A Bleeding Heart's Guide to Positive Change

Bleeding Heart is my default setting. 

Combined definitions of bleeding heart: dangerously soft-hearted; showing extravagant sympathy for an object of alleged persecution; giving in to emotions quickly

I'm not putting myself down. I love my heart as-is. It is my greatest strength and also my biggest vulnerability. It doesn't always serve me well. Sometimes I work to override it and break things down logically, calculating risks and studying facts. Ideally, I balance out the two naturally and act from that place. 

Right now that balance is helping me shape an action plan for life. It's helping me reconcile the stark differences between my philosophy and others. My job is to honor that part of myself and still be a responsible citizen.

Instead of crying uncontrollably or kicking down the Trump signs that people put in their yards (after the election no less), I retreated to the land of cold hard facts. Reasoning is my only tool.

I read a fantastic article that helped me understand people who voted for Trump. I enjoyed it because the social psychologist interviewed did not use derogatory labels. He studied facts and communicated the statistics. (A win for math and science and a helpful article.)

Jonathan Haidt says this:

Exactly, that’s right. I’m a fan of the political scientist Karen Stenner, who divides the groups on the right into three: The laissez-faire conservatives or libertarians who believe in maximum freedom, including economic freedom and small governance; the Burkean conservatives, who fear chaos, disruption, and disorder — these are many of the conservative intellectuals who have largely opposed Trump.

And then there are the authoritarians, who are people who are not necessarily racist but have a strong sense of moral order, and when they perceive that things are coming apart and that there’s a decrease in moral order, they become racist — hostile to alien groups including blacks, gay people, Mexicans, etc. This is the core audience that Trump has spoken to.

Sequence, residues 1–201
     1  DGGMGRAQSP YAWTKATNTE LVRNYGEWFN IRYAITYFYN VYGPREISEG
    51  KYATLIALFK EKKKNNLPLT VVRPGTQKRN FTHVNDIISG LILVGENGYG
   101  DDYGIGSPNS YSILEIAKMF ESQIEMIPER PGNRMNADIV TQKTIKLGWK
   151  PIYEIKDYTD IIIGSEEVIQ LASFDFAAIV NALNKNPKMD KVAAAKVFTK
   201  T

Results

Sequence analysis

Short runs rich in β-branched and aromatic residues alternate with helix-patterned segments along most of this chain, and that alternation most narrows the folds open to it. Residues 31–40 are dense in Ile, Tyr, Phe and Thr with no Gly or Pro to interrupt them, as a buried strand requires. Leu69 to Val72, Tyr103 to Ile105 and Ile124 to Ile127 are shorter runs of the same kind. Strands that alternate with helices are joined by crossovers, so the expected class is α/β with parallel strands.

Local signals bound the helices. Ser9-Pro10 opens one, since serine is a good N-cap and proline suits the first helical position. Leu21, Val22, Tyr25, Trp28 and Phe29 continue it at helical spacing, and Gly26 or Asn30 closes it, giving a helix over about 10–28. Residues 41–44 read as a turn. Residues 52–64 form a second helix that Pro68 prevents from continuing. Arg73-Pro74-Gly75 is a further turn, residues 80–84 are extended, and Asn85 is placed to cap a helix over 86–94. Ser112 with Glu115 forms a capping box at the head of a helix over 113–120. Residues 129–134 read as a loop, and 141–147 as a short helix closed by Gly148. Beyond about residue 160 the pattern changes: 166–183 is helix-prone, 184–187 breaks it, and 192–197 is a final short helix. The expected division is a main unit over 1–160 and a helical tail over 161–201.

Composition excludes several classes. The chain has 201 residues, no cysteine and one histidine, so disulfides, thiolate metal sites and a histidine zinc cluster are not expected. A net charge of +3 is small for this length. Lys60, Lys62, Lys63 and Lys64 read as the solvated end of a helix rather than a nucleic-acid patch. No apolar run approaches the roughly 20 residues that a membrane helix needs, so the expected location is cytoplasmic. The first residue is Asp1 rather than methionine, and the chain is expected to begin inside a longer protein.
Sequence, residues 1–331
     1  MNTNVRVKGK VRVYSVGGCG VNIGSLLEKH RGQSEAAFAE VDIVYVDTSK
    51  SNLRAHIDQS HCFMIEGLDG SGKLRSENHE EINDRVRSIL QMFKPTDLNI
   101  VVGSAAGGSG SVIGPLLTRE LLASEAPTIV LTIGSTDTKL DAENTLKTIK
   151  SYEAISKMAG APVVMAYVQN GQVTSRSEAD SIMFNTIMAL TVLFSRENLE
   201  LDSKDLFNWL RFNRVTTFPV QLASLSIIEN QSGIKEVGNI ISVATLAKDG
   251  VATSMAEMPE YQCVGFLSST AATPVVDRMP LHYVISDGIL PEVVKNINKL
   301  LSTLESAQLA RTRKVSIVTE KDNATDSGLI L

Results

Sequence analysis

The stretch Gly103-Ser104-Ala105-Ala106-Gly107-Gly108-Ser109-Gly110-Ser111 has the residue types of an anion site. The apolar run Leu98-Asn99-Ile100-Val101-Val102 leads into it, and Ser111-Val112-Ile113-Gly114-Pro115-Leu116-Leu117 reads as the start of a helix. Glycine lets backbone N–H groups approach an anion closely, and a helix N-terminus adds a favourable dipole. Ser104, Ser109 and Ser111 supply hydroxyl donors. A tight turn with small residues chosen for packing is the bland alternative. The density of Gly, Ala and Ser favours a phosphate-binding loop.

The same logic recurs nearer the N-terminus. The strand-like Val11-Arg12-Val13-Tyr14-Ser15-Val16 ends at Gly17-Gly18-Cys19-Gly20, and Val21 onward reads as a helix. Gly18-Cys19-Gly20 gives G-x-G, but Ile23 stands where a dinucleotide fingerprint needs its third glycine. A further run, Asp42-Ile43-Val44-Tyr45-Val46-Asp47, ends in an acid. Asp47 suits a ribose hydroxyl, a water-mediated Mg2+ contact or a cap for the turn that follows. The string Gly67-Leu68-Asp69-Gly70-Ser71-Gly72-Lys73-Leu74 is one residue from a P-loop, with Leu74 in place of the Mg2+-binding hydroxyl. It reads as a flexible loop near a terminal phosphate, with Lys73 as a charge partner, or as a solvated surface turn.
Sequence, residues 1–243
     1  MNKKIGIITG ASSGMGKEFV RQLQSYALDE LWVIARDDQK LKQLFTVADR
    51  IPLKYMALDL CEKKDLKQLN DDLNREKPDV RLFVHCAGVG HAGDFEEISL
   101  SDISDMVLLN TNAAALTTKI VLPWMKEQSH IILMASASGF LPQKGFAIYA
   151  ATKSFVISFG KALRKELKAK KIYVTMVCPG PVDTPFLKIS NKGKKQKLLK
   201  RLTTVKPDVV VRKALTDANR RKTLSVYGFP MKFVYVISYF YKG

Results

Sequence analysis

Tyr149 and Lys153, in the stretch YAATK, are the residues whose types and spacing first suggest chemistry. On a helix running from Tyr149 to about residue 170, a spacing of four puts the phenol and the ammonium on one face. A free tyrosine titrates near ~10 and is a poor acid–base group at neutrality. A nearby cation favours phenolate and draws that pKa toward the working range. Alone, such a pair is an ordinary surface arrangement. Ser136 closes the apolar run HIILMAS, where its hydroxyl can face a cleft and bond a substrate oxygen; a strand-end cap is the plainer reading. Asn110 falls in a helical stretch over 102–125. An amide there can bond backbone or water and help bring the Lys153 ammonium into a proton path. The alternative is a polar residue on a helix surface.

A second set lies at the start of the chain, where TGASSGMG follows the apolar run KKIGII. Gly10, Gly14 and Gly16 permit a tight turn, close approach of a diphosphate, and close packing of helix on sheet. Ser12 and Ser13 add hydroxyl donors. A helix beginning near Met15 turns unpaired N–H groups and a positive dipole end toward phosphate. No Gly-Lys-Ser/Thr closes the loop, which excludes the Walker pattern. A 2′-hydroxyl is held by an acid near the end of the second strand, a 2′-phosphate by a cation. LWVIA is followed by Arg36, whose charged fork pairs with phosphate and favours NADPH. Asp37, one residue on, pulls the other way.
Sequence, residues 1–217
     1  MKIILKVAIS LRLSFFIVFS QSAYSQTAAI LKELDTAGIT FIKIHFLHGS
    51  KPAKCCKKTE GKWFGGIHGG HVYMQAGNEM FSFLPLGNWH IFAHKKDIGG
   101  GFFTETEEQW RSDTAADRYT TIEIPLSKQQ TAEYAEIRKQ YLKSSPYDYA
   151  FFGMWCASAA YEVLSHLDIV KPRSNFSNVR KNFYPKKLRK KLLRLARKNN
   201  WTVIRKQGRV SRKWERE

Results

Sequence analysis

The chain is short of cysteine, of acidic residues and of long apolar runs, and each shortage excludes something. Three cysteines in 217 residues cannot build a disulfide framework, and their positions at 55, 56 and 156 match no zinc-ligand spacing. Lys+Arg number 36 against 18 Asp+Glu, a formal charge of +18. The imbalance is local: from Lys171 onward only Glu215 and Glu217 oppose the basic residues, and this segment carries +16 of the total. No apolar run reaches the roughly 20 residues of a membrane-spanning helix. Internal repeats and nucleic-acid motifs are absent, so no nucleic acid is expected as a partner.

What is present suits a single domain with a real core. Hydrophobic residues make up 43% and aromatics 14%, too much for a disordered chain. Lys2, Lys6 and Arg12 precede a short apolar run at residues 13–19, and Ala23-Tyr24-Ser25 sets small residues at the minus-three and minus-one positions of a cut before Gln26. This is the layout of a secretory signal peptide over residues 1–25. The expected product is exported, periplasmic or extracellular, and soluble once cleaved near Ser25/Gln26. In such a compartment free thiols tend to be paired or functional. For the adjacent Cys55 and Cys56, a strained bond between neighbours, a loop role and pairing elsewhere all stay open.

That’s not to say that most people who voted for him are authoritarians, but I think this is the core group that provides the passion that got him through the primaries.

Since this was the second mention of authoritarians supporting Trump in my world in the same week, I had a visceral reaction. I felt the adrenaline surge and wash over my extremities. My mind said, "Whoa, we don't need to flee or fight." My body said, "Really!? Because authoritarian is a super scary word."

When I reread the words, I noticed a HUGE commonality. Most of those people feared the world was falling apart, just as I feel now. Who has the right to keep their world? 

The answer is none of us. The liberals were slapped down. We are tripping over our own bleeding hearts trying to figure out why there's so much hate. 

If I've learned anything in my life, it's this: When people act out of fear, they're making decisions from a compressed, dark, and limiting headspace. Their actions scream, "Protect me and my own. Dehumanize the other. Might makes right. Force."

Two ways we can combat that mentality in ourselves and others:

1.     Education 

I don't just mean math and science. Those are essential, but I'm talking about the case for a liberal arts education available to everyone because it makes GOOD HUMAN BEINGS. Liberal Arts students have a broad knowledge of history and the inevitable cycles in societies. They can make thoughtful decisions.

One cannot, of course, force people to learn, but if it's financially out of reach for the demographic that is leaning toward authoritarianism, we're done. You can't argue with authoritarian. That's kinda the point.

We can offer people a different kind of power. Education is power. It greases the social wheels. It removes barriers to jobs, mental healthcare, and everything a person needs to be whole.

Power over Force.

2.     Belief in the Growth Mindset

Holding the belief that our brains can heal themselves and learn how to do better will protect our hearts from bleeding out. 

This is me being the change I want to see:

Good Things About Trump Being 
President-Elect So Far

  • It's a chance for any citizen to dig into how our election process works and question whether it's still viable.

  • Those who felt there was no longer a need for feminism or the Civil Rights Act may be jolted into a new awareness.

  • President-Elect Trump is clearly being educated. With new information he has changed his rhetoric when it comes to the Affordable Care Act, prosecuting Hillary Clinton, climate change, and other issues. 

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